Goals of the Right Exercise Program

As our bodies age, we can lose aerobic capacity, flexibility, and strength. Studies have shown that calcium and vitamin D are necessary for healthy bone growth, but must be combined with exercise to be fully used by the skeletal system.

As our bodies age, we can lose aerobic capacity, flexibility, and strength. Studies have shown that calcium and vitamin D are necessary for healthy bone growth, but must be combined with exercise to be fully used by the skeletal system. There are appropriate goals for your exercise program that need to be reached through properly selected and executed activities; otherwise your exercise program may not serve your body well and may even be injurious.

Exercise should be incorporated into your lifestyle on a regular basis and should be structured to accomplish these five specific goals.

1. To increase your heart and lung efficiency

2. To increase your muscle strength

3. To increase your muscle tone

4. To increase your muscle endurance

5. To increase your flexibility

Meeting These Exercise Goals

Two kinds of exercise are necessary in order to meet your goals: aerobic exercise and weight-bearing exercise. Aerobic exercise in­creases your oxygen capacity, because it is a way of exercising that demands extra oxygen. It stimulates beneficial changes in the respira­tory and circulatory systems of your body, ultimately making your lungs and your heart work more efficiently, and it is equally important in maintaining your cholesterol and blood lipids at normal levels. Exercise will elevate the HDL cholesterol—the good cholesterol—for most women, and lower the triglycerides. It should also lower the LDL, or bad, cholesterol levels. These changes help cleanse the blood of fats that can block arteries and put you at risk for heart disease.

Aerobic exercise also burns more calories and helps you to reduce body weight and fat. Aerobic exercises include walking, running, jogging, cycling, swimming, cross-country skiing, and dance programs that are designed to use oxygen. The treadmill, the stationary bicycle, the cross-country ski machine, and the stair machine are all capable of helping you get a good aerobic workout when you use them properly, working at 70 to 80 percent of your maximum heart rate for at least twenty minutes, three times a week.

Weight-bearing exercises, those loosely defined as activities that work against gravity, are vital to bone health. Women turn to walking, cycling, golfing, playing tennis, and dancing, to name a few activities that make them lift, push, pull, bend, and stretch. Weight lifting, weight training, and body building also help to save, build, and even rebuild bone. Some studies show that weight-bearing exercises and muscle contractions generate stress on the bone that is necessary to prevent bone loss. Other studies have shown that the decrease in bone density in older women may be halted, or even reversed, when women exercise regularly. Today, women are “pumping iron” as never before, using free weights, barbells, and weight disks, or using weight machines such as Nautilus or Universal at health clubs. (It is important that well-trained instructors teach you how to use the equip­ment.)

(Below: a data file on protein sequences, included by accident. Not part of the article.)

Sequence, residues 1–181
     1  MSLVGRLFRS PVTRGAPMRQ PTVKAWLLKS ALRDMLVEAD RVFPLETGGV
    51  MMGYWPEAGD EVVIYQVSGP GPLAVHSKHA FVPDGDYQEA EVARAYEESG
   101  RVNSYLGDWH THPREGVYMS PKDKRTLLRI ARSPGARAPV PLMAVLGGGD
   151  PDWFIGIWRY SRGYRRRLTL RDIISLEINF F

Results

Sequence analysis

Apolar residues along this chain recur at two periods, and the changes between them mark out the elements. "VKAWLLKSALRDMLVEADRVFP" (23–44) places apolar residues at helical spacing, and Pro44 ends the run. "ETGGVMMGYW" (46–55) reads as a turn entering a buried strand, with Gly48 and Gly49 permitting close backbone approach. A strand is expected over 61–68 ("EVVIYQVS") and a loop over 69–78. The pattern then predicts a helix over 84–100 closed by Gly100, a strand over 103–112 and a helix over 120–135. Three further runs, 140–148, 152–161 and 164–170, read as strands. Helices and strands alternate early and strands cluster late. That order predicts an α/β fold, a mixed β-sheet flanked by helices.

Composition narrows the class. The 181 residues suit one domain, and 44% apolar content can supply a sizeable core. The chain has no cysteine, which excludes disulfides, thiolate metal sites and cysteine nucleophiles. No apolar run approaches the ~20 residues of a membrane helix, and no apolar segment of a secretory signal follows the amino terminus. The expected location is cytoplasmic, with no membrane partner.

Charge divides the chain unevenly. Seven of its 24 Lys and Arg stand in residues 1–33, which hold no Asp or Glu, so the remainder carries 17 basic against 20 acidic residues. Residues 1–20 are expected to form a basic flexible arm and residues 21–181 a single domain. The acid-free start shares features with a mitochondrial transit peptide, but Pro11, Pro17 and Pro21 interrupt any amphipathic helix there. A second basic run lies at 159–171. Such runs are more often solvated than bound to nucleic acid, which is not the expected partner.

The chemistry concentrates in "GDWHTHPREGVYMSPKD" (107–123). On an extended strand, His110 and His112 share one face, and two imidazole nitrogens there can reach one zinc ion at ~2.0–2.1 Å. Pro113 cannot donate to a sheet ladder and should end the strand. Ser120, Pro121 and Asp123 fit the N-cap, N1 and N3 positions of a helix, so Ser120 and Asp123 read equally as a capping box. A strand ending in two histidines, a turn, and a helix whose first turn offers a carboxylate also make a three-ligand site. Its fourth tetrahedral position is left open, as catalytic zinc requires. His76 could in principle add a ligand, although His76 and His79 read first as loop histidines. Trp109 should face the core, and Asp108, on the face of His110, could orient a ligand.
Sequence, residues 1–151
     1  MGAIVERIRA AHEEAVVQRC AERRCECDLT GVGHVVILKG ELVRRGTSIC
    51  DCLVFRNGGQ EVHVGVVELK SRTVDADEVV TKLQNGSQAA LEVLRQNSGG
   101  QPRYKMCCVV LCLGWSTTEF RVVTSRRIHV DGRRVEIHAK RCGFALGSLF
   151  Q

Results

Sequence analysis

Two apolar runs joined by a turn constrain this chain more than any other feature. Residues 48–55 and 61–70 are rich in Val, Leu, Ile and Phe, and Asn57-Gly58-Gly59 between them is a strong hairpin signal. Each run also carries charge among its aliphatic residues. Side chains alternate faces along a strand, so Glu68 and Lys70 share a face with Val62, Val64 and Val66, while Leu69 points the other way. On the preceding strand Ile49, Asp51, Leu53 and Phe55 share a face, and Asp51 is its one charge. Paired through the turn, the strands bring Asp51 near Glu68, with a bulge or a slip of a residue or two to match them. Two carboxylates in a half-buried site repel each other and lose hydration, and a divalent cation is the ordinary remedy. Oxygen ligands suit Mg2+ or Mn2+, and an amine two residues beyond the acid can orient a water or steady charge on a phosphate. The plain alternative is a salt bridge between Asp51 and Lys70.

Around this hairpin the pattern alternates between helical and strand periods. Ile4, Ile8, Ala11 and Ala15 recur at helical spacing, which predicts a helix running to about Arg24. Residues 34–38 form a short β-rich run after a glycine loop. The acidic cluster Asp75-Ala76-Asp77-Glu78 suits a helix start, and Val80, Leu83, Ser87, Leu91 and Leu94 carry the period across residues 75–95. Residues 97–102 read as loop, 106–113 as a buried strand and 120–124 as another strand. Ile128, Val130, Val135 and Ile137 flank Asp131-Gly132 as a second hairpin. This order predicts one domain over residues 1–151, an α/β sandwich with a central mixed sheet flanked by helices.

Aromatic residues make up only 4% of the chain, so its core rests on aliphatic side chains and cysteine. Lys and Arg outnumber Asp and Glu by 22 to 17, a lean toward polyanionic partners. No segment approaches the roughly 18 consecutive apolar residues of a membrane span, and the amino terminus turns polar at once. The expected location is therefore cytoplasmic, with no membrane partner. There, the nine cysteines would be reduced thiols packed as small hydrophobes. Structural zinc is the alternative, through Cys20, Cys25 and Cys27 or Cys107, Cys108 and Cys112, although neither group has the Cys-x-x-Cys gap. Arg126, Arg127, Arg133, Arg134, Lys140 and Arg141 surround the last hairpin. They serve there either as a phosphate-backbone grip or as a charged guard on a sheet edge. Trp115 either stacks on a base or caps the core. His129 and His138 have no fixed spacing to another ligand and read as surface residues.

Choosing Your Exercise Plan

If you are ready to make a lifelong commitment to exercise, begin by choosing aerobic activities that are fun for you and combining them with weight-bearing activities that interest you. Try various activities to see which ones get you moving both physically and psychologically. Then, combine various activities and, to keep your level of interest high, vary the combinations.

For example, you may work out a warm-up, aerobic dance routine, and cool-down exercise program that you do three days a week and alternate it with a weight-lifting routine on the intervening days. Or you may walk vigorously three days a week and cycle two days. However you set up your exercise program, vary it when the least bit of boredom creeps in and try new activities or group activities to stimulate your interest.

How Much Should You Exercise?

It depends on whether you have been exercising regularly or are about to begin. Your level of fitness right now and your medical evaluation determine where you begin. When you begin to exercise, or when you begin a new activity, it is important that you start at a low level of participation and build up very slowly. Soreness or injury that sets you back days, weeks, or months is a greater deterrent to achieving fitness than taking it slowly and steadily, gradually increas­ing the time and the intensity to get to a point of physical fitness sooner. Remember the parable of the tortoise and the hare? Here, too, it is the persevering tortoise that wins.

How Often Should You Exercise?

Plan to exercise four times a week from twenty to forty minutes per session, and try not to slip below three times a week. Remember, you have made a commitment to your own good health and there just has to be time for it. If need be, write your exercise period into your datebook just as you would any other important appointment, and keep it!